Appreciating Wildlife In Edible Gardens

Posted on November 28, 2015 by  
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A dry-stack fountainProviding habitat and food for wildlife is a primary motivation for growing native plants. But if you also grow edibles for yourself, you don’t want the wildlife to feast on all of your crops as well.

You can start by providing saucers of water in your garden so that the birds and other critters won’t have to sample nearby vegetables to get some moisture. Water is essential to life. During the drought, it pays to be especially attentive to the needs of the birds, bees and butterflies that visit your plants as well as the plants themselves. In smaller vegetable gardens, include a patch of hummingbird sage, hummingbird fuchsia, yarrow or other small perennials for pollinators and birds. Even better would be a hedgerow with a variety of native shrubs, providing a buffet of berries and blooms year-round.

Growing vegetables and welcoming wildlife are indeed compatible pursuits.

A friend has been enjoying the tips in “The Wildlife-Friendly Vegetable Gardener: How to Grow Food in Harmony with Nature” (Storey, 2014) by Tammi Hartung. Hartung owns a 5-acre farm in Colorado that is mostly unfenced, so she has learned how to divert attention away from her crops, discourage predation on the foods she wants to harvest and still welcome wildlife.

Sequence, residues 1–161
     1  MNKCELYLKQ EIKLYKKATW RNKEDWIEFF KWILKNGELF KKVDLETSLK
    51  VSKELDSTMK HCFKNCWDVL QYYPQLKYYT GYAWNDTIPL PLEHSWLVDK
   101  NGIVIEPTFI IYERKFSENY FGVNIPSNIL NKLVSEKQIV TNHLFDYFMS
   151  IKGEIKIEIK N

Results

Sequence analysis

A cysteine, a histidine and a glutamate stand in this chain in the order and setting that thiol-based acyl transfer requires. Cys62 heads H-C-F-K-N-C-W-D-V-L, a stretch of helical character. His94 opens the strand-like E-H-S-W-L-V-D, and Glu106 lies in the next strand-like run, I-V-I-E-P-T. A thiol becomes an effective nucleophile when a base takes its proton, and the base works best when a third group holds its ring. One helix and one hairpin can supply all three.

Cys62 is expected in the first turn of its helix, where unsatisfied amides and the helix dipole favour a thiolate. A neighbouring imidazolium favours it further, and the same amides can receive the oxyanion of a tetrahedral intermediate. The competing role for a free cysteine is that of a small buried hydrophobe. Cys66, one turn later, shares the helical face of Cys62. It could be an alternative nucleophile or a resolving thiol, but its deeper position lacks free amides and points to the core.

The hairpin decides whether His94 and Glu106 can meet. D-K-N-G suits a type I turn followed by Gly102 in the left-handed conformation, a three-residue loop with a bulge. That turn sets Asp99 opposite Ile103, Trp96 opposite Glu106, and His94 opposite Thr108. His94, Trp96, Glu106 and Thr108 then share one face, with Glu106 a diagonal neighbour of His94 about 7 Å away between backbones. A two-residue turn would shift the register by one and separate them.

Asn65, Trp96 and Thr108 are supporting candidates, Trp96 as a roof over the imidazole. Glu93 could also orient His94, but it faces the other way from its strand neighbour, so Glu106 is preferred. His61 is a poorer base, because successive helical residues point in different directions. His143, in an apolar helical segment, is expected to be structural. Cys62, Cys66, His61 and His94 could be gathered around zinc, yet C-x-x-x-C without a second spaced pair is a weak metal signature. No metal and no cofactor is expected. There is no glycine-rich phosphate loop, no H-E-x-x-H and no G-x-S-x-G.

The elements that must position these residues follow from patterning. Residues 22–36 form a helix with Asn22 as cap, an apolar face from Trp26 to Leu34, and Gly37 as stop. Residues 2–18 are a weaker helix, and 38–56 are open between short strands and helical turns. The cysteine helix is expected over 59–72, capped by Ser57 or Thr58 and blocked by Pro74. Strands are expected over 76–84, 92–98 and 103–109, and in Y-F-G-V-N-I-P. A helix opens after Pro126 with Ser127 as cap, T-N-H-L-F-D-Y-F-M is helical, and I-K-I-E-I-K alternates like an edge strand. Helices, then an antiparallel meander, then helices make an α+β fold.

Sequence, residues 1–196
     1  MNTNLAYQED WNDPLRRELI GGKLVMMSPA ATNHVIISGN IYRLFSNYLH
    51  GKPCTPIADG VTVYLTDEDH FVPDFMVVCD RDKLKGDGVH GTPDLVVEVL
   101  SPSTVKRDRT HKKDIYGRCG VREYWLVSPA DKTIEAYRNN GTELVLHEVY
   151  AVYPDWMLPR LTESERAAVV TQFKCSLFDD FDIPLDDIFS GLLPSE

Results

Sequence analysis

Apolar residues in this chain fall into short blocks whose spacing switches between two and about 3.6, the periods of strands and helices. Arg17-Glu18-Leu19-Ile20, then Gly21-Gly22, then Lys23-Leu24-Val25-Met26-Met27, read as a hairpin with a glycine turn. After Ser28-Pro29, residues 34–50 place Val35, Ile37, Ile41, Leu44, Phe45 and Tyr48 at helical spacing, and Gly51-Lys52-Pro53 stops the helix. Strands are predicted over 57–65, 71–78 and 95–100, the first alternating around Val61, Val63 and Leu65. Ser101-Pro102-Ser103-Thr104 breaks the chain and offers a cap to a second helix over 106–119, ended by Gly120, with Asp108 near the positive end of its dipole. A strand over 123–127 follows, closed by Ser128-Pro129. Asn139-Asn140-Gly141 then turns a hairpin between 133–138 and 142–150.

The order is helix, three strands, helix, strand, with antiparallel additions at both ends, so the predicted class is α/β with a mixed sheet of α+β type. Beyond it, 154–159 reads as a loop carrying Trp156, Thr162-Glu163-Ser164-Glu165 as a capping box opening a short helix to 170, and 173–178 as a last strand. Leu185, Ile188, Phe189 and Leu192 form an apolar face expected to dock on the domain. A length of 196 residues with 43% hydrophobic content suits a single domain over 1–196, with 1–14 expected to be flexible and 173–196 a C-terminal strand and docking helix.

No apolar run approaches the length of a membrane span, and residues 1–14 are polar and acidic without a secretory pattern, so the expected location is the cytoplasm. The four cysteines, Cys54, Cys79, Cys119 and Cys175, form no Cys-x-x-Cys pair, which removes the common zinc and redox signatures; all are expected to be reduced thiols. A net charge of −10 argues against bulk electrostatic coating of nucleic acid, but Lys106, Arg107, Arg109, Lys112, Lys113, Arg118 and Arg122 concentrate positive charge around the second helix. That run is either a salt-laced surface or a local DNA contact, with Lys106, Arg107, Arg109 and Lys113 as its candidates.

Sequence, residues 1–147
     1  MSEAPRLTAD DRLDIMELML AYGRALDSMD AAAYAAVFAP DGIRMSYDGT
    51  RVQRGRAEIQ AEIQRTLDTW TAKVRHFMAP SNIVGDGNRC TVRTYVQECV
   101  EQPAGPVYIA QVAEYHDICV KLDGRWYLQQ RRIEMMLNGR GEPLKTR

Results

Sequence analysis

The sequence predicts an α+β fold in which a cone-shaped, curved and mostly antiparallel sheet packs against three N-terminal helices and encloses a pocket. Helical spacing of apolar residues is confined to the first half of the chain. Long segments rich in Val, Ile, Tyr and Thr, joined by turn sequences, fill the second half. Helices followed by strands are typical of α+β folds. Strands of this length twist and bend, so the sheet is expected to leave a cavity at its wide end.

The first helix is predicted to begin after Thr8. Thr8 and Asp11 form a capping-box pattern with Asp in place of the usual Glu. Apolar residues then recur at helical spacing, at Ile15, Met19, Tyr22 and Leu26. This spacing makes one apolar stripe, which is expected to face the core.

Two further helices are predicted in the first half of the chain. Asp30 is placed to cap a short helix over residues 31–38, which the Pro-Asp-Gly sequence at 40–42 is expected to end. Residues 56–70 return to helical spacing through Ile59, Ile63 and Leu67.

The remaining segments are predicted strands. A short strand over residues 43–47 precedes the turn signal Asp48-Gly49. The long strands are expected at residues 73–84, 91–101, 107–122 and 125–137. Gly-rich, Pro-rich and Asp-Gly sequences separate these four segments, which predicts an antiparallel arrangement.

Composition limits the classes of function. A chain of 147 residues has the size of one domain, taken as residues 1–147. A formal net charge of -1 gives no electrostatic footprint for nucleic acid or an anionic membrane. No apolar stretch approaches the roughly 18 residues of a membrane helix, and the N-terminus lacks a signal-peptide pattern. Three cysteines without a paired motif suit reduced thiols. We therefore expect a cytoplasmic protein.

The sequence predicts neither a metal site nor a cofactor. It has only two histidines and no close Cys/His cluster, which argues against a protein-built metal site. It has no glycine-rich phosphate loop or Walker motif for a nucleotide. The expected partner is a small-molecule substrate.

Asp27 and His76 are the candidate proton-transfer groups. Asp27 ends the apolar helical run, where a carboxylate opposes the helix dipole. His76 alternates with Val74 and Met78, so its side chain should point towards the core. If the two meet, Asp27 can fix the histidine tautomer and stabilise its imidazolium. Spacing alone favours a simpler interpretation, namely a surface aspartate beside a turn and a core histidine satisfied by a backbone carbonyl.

The book is a delight to read straight through, sprinkled with charming illustrations by Holly Ward Bimba, and its index is good enough to direct you to a specific topic. Hartung has the sensibility of a native-plant gardener in her appreciation for wildlife, and the vigilance of a vegetable gardener in her attention to the well-being of her edible plants.

One of her best suggestions is to keep a nature journal, where you note such things as when you saw the first lady beetles, where the towhees built nests and the dates the chicks fledged or your favorite plants started blooming. It’s an exercise in paying attention, and the benefit of writing things down is that you can revisit last month’s or last year’s garden.


Inter-generational Bonding

Posted on November 24, 2015 by  
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Grand-FriendsSanta Rita School in Los Altos expanded its call to the community in September with the inaugural “Grand-Friends Day,” summoning a new generation back to school.

Students and their parents invited their elders to visit, learn and see if they’d be interested in returning to the classroom as volunteers.

“It is ‘grand-friends’ rather than just grandparents, because you have aunts and uncles, grand-aunts and grand-uncles, and neighbors you’ve adopted who play that role, and those are important relationships – and that matters,” explained event organizer Kanesha Baynard.

A Santa Rita parent, Baynard launched the program this year after experiencing a similar tradition of school volunteering and grand-involvement several years ago while living in Colorado. Her mother-in-law lived with the family as a “granny nanny,” convincing Baynard of the power of having hands-on support across generations – even if you move and lose access to the “granny nanny.”

“When you look at the community here, there are a lot of international grandparents and families living together,” she said.

Grandparents have already been volunteering in roles such as library book shelving and story time at Santa Rita. After gathering volunteer interest forms from “grand” participants at the September event, the school is organizing how to stay in touch with interested grands looking for upcoming opportunities to be involved.